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An interesting note -- modern HD 3D video games can nearly max out this type of GPU for compute when on high settings, especially if there's geometry tesselation and complex shaders. But there is still a big bottleneck to get that data to the GPU from the CPU. GPUs come with so much RAM built in because local RAM, as slow as it is compared to caches, is still much faster than sending data across a PCI bus to the GPU.


@jpd I'm a little lost on the last part you said. Local ram is faster than sending data across a PCI bus to the GPU (why would it send data across a PCI bus back to itself)?


@bdebebe the GPU has its own bank of RAM, typically a few GBs of GDDR5 nowadays. The GPU is connected to the CPU with a PCIe x16 bus usually, and the system memory is DDR3/4 at something like a 240-pin bus.

Bandwidth from the GPU to its GDDR5 is ~177GB/s as mentioned on the slides earlier. Bandwidth from the CPU to its DDR3 is ~12GB/s (per stick of RAM)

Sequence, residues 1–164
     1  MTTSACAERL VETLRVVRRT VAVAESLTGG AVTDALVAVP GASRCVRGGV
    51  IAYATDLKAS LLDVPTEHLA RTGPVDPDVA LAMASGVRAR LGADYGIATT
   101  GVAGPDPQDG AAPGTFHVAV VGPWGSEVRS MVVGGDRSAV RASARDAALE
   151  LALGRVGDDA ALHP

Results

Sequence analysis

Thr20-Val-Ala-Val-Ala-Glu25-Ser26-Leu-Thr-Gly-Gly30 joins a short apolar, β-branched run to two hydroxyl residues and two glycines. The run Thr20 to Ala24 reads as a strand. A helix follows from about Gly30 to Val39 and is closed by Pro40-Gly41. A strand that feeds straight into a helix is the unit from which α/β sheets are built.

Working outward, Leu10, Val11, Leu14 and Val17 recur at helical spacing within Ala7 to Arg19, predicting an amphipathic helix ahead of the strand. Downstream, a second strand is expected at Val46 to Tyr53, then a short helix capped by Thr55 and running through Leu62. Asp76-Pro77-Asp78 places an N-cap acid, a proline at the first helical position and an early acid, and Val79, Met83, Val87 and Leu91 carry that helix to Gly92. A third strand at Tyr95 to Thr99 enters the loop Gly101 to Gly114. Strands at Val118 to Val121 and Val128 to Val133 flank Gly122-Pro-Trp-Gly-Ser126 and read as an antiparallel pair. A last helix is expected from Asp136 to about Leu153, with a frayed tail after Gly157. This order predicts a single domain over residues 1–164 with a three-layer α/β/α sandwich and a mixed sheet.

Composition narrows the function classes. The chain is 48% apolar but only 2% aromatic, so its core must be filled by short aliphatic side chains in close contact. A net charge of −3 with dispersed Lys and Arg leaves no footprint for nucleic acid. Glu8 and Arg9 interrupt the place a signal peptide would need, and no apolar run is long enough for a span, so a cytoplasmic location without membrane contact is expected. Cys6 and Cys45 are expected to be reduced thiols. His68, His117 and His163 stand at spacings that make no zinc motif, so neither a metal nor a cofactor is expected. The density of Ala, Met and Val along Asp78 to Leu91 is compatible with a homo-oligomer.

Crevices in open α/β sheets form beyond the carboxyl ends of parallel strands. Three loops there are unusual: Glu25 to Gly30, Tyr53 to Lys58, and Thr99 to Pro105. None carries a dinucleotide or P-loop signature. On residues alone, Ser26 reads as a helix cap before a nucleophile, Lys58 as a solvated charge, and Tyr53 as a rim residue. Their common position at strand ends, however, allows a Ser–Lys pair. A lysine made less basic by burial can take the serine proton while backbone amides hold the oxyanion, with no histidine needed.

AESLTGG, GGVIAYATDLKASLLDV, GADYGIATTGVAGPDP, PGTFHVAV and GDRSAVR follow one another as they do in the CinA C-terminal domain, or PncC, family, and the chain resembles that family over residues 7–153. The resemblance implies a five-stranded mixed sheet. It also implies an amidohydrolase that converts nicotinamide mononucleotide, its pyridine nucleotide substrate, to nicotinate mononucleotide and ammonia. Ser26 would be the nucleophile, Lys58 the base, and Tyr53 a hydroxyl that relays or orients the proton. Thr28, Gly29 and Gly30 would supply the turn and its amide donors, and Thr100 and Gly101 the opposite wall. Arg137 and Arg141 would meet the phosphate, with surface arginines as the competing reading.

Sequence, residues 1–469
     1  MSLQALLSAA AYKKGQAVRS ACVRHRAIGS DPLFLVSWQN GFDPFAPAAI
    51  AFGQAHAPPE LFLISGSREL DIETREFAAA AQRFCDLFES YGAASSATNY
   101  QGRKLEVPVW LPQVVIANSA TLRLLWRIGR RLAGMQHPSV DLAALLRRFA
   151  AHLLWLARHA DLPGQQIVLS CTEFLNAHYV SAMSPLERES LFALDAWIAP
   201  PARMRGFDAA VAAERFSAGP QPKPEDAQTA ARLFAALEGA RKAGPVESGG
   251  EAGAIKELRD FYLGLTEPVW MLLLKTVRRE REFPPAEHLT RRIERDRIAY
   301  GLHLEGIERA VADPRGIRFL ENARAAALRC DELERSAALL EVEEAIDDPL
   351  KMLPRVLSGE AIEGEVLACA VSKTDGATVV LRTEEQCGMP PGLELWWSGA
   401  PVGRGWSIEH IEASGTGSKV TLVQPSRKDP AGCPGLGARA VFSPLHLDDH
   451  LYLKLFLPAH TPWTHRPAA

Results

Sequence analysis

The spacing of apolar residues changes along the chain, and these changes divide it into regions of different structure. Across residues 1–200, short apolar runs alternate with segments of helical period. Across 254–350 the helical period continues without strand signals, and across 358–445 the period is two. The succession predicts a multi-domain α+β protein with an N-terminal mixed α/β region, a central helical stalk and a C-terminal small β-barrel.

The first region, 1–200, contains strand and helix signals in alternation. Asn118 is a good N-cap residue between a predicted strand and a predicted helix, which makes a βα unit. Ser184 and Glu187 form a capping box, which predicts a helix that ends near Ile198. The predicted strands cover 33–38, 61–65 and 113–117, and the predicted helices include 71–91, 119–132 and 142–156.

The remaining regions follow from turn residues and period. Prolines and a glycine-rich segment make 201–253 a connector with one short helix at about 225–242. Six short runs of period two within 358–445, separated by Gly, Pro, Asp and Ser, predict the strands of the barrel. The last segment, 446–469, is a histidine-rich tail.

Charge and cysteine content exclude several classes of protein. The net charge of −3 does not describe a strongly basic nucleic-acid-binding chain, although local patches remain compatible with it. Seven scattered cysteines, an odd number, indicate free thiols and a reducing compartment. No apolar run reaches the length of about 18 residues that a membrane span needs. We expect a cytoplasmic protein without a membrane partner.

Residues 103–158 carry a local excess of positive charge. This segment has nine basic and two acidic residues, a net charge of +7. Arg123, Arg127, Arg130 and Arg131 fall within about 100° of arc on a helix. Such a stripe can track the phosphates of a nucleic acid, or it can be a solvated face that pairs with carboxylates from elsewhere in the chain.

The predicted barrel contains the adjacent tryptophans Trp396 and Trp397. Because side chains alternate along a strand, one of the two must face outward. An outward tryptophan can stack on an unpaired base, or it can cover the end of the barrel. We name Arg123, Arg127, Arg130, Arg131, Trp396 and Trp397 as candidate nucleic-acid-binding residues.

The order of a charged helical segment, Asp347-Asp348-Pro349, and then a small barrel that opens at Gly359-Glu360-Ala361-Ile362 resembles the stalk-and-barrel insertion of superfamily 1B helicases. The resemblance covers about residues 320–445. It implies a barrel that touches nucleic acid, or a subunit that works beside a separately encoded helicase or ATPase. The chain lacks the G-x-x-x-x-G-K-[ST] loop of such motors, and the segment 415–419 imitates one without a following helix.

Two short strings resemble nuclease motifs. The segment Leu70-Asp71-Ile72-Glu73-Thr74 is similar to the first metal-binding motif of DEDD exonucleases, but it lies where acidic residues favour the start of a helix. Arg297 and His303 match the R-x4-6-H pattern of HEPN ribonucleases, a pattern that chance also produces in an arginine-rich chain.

Bandwidth from the CPU to the GPU is ~15 GB/s (gen 3 x16)

So as you can see, if you can store everything you need in the GPU's GDDR5, we can access memory at 177GB/s. When you need to fetch something not on the GPU, you now have this bottleneck from the PCIe x16 at 15GB/s

In a cache like an L1, data transfer rates can be in the TB/s range, way faster than the GDDR5 on a GPU, but at the tradeoff of speed is capacity, and for a GPU we operate on a lot of data, so the capacity is more important.

(I think he might have meant to the CPU in the last sentence.)


Are there many other common applications that even come close to using all 23,000 pieces of data? We see a few slides later that element-wise multiplication of vectors, a task that seems highly parallelizable, can be very inefficient due to insufficient bandwidth. And it seems like any task that involves 23,000 pieces of data would necessarily involve communicating with the cache, i.e. would necessarily require high bandwidth.


For anyone wondering how 23,000 pieces of data was achieved, it's 32 pieces of data per warp, 48 simultaneously interleaved warps per core, and 15 cores per chip. 32 * 48 * 15 ~= 23,000.